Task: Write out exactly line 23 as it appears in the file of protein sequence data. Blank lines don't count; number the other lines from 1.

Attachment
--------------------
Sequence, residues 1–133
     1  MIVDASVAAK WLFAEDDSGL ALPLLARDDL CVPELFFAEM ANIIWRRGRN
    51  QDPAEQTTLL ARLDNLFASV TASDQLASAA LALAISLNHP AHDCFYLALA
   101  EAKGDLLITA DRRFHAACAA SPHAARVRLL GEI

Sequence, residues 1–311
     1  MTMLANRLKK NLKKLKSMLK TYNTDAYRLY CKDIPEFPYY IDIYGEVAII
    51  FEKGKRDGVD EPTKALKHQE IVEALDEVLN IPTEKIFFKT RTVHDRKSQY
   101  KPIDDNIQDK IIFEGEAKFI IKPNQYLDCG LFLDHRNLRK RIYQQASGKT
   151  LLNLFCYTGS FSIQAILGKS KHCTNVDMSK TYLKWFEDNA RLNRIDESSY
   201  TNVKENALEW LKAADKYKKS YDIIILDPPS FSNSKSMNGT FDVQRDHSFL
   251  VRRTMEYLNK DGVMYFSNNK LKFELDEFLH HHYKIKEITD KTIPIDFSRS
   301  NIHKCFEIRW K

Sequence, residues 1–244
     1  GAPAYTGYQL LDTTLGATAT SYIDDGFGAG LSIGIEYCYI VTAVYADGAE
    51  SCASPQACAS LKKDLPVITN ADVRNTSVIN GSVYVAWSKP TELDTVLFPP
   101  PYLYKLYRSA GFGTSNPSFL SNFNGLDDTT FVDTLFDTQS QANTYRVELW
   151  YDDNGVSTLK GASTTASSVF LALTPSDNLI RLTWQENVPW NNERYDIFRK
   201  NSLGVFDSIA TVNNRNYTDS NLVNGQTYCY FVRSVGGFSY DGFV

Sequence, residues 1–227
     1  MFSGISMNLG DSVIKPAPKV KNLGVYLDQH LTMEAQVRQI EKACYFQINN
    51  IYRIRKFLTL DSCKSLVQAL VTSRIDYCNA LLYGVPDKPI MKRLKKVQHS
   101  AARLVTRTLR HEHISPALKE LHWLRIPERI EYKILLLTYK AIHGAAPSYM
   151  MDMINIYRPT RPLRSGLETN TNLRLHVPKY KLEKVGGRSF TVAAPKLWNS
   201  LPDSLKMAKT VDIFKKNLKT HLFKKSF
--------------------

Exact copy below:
   151  MDMINIYRPT RPLRSGLETN TNLRLHVPKY KLEKVGGRSF TVAAPKLWNS